Exploring the Most Renowned Printing Methods to Date

Exploring the Most Renowned Printing Methods to Date

Eugenia Luchetta Published on 4/19/2024

From the dawn of civilization, mankind has pursued methods for the swift and automated duplication of figures and patterns, eliminating the need for individual manual drawing. Over 35,000 years ago, early humans employed their hands as templates to spray colorants, adorning their living spaces with these early forms of art. This method wasn’t merely about creating art; it was a swift action facilitating the quick, though basic, duplication of images.

In contemporary times, the act of printing on a vast scale could not be more different from these initial, intuitive acts; it has become a highly mechanized procedure, incorporating cutting-edge technology. However, apart from digital printing, which is a product of the computer age, the majority of present-day printing methods are, in essence, refined versions of ancient manual techniques developed over millennia.

The key techniques for replicating images that humans have invented throughout history are detailed herein. While some of these methods have become less common for mass production, they are still valued within the arts for their unique qualities. Conversely, other methods have been continuously improved and mechanized to meet the demands of industrial output, yet they fundamentally adhere to the original principles of their respective techniques.

Woodblock Printing

Origin: China, 11th century

Derived from the Greek words for wood (“xìlov”) and writing (“gràphein”), originating in China in the 11th century, woodblock printing is recognized as the earliest printing method. This technique involves carving a wooden block to create a relief of the image to be printed. The raised areas receive ink which, when pressed onto a surface like paper or fabric, transfers the inverse of the carved image.

Woodblock printing was even utilized for book production, combining text and images on the same block, until the advent of movable type by Johannes Gutenberg in the late 15th century. Despite its evolution, woodcut has remained a staple in artistic endeavors. Modern times have seen materials like linoleum and Adigraf, which are softer and easier to carve, substitute wood in this process, now commonly referred to as linocut.

Katsushika Hokusai, La grande onda di Kanagawa, 1830-1831.
Katsushika Hokusai, The Great Wave of Kanagawa, 1830-1831.
Lyonel Feininger, Cathedral, Cover for the Manifesto and Program of the Staatliche Bauhause, 1919, Bauhaus-Archiv Berlin
Wiktor Ratajkowski, Process for making the matrix.

Intaglio Printing

Origin: Germany or Flanders, 1480. Florence, 1500.

Originating in Germany or Flanders around 1480 and in Florence by 1500, from the Greek for bronze (“khalkòs”) and to write (“gràphein”), intaglio involves engraving images directly onto a metal plate. The engraved areas are filled with ink, and the application of pressure transfers the ink to paper.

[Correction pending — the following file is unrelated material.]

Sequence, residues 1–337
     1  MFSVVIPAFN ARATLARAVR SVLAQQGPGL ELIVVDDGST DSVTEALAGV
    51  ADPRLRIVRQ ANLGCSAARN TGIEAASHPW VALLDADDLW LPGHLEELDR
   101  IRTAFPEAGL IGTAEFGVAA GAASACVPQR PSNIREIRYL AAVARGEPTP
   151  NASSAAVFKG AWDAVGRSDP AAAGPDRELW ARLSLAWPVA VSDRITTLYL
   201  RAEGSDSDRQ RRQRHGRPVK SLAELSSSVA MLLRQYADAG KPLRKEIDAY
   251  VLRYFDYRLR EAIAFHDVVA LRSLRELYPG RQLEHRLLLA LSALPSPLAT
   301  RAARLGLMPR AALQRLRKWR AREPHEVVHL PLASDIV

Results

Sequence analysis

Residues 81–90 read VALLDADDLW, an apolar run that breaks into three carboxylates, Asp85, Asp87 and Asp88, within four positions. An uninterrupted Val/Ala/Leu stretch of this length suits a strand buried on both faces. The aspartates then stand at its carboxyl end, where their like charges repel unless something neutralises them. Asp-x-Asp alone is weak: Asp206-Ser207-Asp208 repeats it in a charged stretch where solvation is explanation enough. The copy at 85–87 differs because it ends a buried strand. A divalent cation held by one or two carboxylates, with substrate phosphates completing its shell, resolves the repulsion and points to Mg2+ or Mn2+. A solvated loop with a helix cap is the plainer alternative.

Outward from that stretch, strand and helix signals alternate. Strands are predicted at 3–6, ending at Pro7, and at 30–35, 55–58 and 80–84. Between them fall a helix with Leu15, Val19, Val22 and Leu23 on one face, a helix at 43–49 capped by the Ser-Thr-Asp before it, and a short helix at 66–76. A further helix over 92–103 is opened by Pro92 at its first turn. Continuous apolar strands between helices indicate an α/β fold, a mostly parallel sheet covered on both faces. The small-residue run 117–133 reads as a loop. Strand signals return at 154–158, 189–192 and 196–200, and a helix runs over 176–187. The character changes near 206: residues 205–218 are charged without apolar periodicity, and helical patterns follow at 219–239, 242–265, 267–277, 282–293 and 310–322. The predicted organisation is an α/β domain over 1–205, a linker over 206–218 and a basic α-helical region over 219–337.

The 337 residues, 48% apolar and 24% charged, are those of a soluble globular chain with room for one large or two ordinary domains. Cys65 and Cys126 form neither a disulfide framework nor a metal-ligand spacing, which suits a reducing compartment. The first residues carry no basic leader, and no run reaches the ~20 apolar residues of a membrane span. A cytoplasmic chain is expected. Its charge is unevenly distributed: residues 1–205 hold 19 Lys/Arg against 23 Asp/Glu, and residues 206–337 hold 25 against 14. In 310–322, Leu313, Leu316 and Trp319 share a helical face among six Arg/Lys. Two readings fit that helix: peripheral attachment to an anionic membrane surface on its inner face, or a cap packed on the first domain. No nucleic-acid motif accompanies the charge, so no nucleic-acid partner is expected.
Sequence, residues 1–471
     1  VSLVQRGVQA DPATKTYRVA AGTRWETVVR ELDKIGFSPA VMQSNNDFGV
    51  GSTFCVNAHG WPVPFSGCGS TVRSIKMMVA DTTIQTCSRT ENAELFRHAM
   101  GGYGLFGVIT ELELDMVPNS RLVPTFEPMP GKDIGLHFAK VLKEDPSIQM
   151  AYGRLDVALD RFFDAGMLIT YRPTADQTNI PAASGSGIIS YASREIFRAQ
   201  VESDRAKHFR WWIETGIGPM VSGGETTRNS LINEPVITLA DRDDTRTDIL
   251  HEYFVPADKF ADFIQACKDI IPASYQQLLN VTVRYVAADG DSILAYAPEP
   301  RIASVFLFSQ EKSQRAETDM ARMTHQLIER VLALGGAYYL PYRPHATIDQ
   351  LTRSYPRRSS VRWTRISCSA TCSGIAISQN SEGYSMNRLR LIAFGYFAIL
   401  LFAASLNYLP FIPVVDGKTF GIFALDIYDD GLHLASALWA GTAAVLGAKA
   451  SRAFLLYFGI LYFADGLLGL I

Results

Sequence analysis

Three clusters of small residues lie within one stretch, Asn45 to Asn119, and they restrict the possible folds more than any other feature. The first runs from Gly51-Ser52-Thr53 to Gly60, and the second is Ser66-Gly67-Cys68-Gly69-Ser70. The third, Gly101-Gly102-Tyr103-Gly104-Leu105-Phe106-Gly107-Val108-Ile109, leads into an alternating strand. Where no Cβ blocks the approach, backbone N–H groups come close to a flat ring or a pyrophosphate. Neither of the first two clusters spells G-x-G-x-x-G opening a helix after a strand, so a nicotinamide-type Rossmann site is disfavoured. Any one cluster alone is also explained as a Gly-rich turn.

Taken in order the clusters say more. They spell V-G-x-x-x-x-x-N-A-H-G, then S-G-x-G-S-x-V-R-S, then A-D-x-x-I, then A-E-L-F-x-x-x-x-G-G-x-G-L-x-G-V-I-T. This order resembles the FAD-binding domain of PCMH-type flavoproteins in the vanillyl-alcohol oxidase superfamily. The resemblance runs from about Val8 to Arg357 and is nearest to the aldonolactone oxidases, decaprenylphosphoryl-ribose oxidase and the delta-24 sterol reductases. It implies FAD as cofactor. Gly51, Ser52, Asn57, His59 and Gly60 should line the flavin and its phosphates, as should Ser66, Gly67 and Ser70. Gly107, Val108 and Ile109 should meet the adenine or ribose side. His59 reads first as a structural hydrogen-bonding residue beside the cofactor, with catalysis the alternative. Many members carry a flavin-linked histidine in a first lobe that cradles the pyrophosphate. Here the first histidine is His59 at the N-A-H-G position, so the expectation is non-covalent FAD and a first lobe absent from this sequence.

The method can be direct, with manual engraving, or indirect, using corrosive chemicals for etching designs into the metal. Rotogravure, an advancement of intaglio, employs engraved cylinders for high-volume printing, ideal for glossy magazines and detailed illustrations.

Goya, The sleep of reason breeds monsters, 1799, aquatint, Madrid, Museo Nacional del Prado.
Giorgio Morandi, Still Life with Five Objects, 1956, etchingGoya, The Sleep of Reason Spawns Monsters, 1799, aquatint, Madrid, Museo Nacional del Prado.
“Cine-Romanzo” (April 5, 1931, no. 156). “Cine-Romanzo” was the first major Italian magazine printed in rotogravure.


Origin: Alois Senefelder , Munich, 1790

Invented by Alois Senefelder in Munich in 1790, lithography comes from the Greek words for stone (“lìthos”) and to write (“gràphein”). It operates on the principle of oil and water repulsion, with the image drawn on limestone, then inked and pressed onto paper. Offset printing, a derivative of lithography, uses a rubber cylinder to transfer images from a metal plate to paper, allowing for high precision and large-scale production.

James McNeill Whistler, Nocturne, 1878
Offset printing rollers

Screen Printing

Origin: China, 10th-13th century

With its origins in China between the 10th and 13th centuries, screen printing involves using a fabric screen to press ink through onto the printing surface. Initially utilizing silk screens, modern methods use synthetic materials. Screen printing is versatile, suitable for a wide range of surfaces, and remains popular for both artistic and commercial applications, from clothing to signage.

David McCabe, Andy Warhol and Gerard Malanga screen print the background of a work.
Marimekko’s screen printing facilities in Helsinki. Photo by Erin Dollar.